UT-Martin-Louisville Preview

Coach Rick Pitino said coming into the season this Louisville

team is as talented and as deep as he’s had in a decade.

Many agree, the Cardinals are ranked ninth in the preseason poll

heading into their opener Friday night against Tennessee-Martin.

They are expected not only to contend in the Big East, but also

make a run at a ninth Final Four appearance.

Three starters and 11 lettermen return for the Cardinals,

including point guard Peyton Siva (9.9 ppg, 5.2 apg) and senior

wings Kyle Kuric (14.6 ppg, 3.9 rpg) and Chris Smith (9.4 ppg, 4.6

rpg). They’ll likely be joined by center Gorgui Dieng and freshman

power forward Chane Behanan to round out the starters.

But injuries have derailed the Cardinals’ depth and the

frontcourt is especially thin.

Louisville suffered a major blow two weeks ago when the school

announced freshman Wayne Blackshear will miss the season with a

torn right labrum. The 6-foot-5 wing was expected to figure

prominently in the rotation and replace some of the scoring lost

from last year’s leader, Preston Knowles.

The frontcourt has been hit hardest.

Rakeem Buckles will miss another 4-6 weeks after tearing his

right ACL on Feb. 27. Stephan Van Treese has not practiced this

fall after straining his left patellar tendon. Jared Swopshire, a

starter in 2009-10, missed all of last year with a groin injury and

has yet to return to the player he once was.

Guards Elisha Justice, Tim Henderson and Russ Smith have also

missed time.

“That starting five, they’re ready to go, especially at the

offensive standpoint,” Pitino said. “The next five, it’s been very

difficult getting them ready.”

Siva was named to the preseason All-Big East second team but

Pitino said Dieng, a 6-foot-11 sophomore from Senegal who averaged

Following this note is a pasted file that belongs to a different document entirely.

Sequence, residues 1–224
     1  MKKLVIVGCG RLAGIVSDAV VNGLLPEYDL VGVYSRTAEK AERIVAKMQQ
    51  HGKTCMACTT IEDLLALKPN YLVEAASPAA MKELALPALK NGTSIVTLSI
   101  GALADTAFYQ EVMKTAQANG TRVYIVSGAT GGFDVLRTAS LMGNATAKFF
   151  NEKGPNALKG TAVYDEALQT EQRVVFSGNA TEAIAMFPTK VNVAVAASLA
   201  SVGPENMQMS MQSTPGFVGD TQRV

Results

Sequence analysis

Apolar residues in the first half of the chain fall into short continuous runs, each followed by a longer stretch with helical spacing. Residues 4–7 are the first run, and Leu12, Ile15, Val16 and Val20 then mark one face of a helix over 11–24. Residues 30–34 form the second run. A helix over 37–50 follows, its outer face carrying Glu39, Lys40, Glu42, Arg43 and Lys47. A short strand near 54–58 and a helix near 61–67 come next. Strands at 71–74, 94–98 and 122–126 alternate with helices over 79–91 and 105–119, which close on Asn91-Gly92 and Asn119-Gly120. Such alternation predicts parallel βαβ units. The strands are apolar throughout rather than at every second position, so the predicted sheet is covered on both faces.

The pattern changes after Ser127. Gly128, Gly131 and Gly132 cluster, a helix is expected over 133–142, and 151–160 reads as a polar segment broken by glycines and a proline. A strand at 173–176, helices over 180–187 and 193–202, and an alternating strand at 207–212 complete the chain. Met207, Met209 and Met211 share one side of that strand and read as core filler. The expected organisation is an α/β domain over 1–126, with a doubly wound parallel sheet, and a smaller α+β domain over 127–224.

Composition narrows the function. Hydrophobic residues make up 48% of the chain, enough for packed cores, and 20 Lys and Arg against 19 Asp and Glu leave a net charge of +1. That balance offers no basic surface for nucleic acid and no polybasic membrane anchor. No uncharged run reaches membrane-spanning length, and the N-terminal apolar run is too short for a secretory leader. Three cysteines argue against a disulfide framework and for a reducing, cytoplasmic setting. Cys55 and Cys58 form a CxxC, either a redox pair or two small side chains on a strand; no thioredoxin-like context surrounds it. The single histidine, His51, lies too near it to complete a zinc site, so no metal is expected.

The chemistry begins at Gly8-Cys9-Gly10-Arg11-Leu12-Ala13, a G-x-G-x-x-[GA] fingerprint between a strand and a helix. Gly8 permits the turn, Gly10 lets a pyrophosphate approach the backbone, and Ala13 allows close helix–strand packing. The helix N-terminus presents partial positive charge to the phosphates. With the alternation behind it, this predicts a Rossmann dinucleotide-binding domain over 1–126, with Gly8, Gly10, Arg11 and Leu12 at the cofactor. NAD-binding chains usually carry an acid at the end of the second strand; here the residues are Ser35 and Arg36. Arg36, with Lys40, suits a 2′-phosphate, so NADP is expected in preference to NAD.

5.7 points and 4.4 rebounds last year, is the one player his team

can’t afford to lose. Dieng played at 212 pounds last season but

has come into this season at nearly 240.

Behanan joins Dieng upfront. Pitino has high praise for his

6-foot-6 freshman from Cincinnati.

“He’s as good a freshman as I’ve coached since (Jamal) Mashburn

in terms of talent,” Pitino said after Behanan led the Cardinals

with 16 points in their first exhibition. “That’s about as good a

statement as I can possibly say. So I’m very pleased with his

attitude, very pleased with his game.

“But he is a freshman and he has to learn.”

Behanan and Swopshire each scored 14 points in the Cardinals’

final preseason game, an unimpressive 62-54 win over reigning

Division II champion Bellarmine last Thursday.

Behanan and his teammates will be tested early and often this


The Cardinals play 16 games against teams that made last year’s

NCAA tournament, including out-of-conference tests against No. 2

Kentucky, No. 7 Vanderbilt and No. 11 Memphis. The Big East

schedule brings No. 4 Connecticut to Louisville and home-and-home

matchups against No. 5 Syracuse and No. 10 Pittsburgh. Louisville

must also travel to No. 21 Cincinnati and No. 22 Marquette.

“We are talking a lot about our schedule and how we have to be

ready very early on for probably one or two of the most difficult

schedules in the nation,” Pitino said. “They know that. We don’t

talk about expectations though.”

The first game, though, isn’t expected to pose much of a


Tennessee-Martin is coming off a 12-21 campaign and enters this

season without one player who has more than one year of Division I

experience. The sophomore trio of Terence Smith, Mike Liabo and

Troy King is expected to lead the Skyhawks after combining to

average more than 31 points last season.

Tennessee-Martin, which lost its two games against ranked teams

last season by a combined 82 points, fell 78-51 at Louisville in

2005 in the only meeting between these programs.

A summer trip to the Bahamas allowed the Cardinals to pick up 10

extra practices that Pitino said was crucial in preparing for the

grueling schedule. The only solace comes from 14 of Louisville’s

first 15 games at home. A trip to Butler on Nov. 19 is the

Cardinals’ only 2011 road test before a New Year’s Eve game at


Pitino said he’s enjoying coaching more now as he nears his

600th collegiate victory for three reasons. His team’s throwback

attitude that turned last year’s “bridge year” into an unexpected

25-10 season where they nearly beat eventual national champion

Connecticut in the Big East tournament final has continued.

The coach is trying to savor what could be the last year with

the current Big East lineup, one he calls the best in basketball.

And he knows there may not be many more chances to contend for a

national championship.

“You have to have more passion now because you know your window

is going to close some day,” the 59-year-old Pitino said. “So you

have to enjoy it more and more, whether it’s six, seven, eight

years, whatever it may be.”